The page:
Learning about English Modal Verbs with Noah & The Whale
Music fans will know that indie folk music is having a huge revival at the moment thanks to great UK bands like Mumford & Sons, Noah & The Whale and singers like Laura Marling. After listening to Noah & The Whale’s song Five Years Time on my MP3 player a million times and then a million more times on numerous television advertisements, I decided it would be a great way to teach you about Modal Verbs.
Modal verbs are particular to Germanic languages. They are auxiliary verbs that give more information about the function of the principal verb following it. However, they do this without participles or infinitives.
They generally appear like this in a sentence:
Subject + modal verb + principal verb + action.
To make things easier, here is a list of modal verbs in their present and (mostly) preterite forms:
shall and should
must and ought to
will and would
may and might
can and could
1. Shall and should
Shall is a version of Will. It is more commonly used in British English, but from time to time you might hear it in the U.S. It is generally only used for I and We forms. It generally suggests obligation. It is generally used in the future tense.
I shall attend university in the fall.
We shall go Maria’s wedding in France.
Should refers to an ideal state in the past.
In the past, it is followed by the verb to have
I should have visited my mother on Sunday.
We should have studied for our exams.
Should also refers to an ideal state in the future.
I really should go visit my mother on Sunday.
We should study for our exams.
2. Must and ought to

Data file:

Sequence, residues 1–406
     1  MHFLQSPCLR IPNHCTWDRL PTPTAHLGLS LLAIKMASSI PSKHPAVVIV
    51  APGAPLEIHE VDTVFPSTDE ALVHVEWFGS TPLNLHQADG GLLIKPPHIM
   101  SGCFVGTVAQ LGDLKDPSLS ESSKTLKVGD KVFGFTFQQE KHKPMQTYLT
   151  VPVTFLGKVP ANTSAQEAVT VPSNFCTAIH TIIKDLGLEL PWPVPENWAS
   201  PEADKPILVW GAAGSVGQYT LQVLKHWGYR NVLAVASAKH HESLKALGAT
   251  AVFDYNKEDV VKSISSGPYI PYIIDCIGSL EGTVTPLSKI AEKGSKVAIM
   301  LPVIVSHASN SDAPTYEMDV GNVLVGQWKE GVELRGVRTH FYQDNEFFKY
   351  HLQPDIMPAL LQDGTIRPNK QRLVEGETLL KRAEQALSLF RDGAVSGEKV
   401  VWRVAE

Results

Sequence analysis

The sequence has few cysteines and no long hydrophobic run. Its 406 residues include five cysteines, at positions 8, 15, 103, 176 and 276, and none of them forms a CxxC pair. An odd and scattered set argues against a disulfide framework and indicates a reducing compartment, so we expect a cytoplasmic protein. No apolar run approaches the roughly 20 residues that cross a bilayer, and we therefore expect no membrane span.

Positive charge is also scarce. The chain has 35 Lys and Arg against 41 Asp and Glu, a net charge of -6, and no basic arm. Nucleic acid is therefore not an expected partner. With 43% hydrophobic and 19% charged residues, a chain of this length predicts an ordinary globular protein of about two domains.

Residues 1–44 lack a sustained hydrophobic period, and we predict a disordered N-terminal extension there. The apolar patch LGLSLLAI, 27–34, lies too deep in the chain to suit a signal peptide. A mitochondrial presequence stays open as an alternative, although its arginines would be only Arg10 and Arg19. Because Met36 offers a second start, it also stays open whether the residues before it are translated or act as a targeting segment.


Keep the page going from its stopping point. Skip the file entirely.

Must is another modal verb expressing obligation. It is also used to express expectations and to give orders.
We must visit Dad now that he’s ill.
You must go to the doctor on Friday to check out that headache.
Mostly, ought to is used interchangeably with must:
You ought to visit Dad now that he’s ill.
You ought to go to the doctor on Friday to check out that headache.
3. Will and would
Will can generally be used in the same way as shall, but also when there is no sense of obligation involved.
I will go to Diana’s house on Tuesday.
She will watch television until 3 am if she wants to.
Would is slightly more complicated as it can be used in a number of ways:
-In a past imperfect sense.
I would talk to my mother before bedtime when I lived at home.
– When looking at something in the future from the past
Growing up I knew I would name my daughter Maria.
-To be polite
I would like that dress in blue please.
4. May and might
May is used to express something that could or could not happen and that the speaker/third person is currently thinking about. You will also see that may gives the speaker/third person authority over the action.
I may go into town if it doesn’t rain.
I may let her borrow my dress if she promises not to ruin it.
Might is mostly used interchangeably with may:
I might go into town if it doesn’t rain.
I might let her borrow my dress if she promises not to ruin it.
5. Can and could
Can is one of the most commonly used modal verbs. It suggests that the speaker/third person is able to do something:
I can speak Spanish
We can go to Peter’s party on Friday if we want.
It can reach 30 degrees in summer in Argentina.
As the past version of can could is used as follows:
I could speak Spanish when I lived in Spain.
We could go to Peter’s party every Friday when we wanted to.
It could reach 30 degrees in summer in Argentina before global warming. Now it can reach 40 degrees.
However, could is also used in a conditional sense:
I could go to America if I spoke English.
We could take Jenna to the party if she stays with us on Friday.
Now listen to the song Five Years Time by Noah & The Whale and pick out the modal verbs. We will give you a hint, there are three different uses of modal verbs in the song, though there is one used repeatedly throughout.
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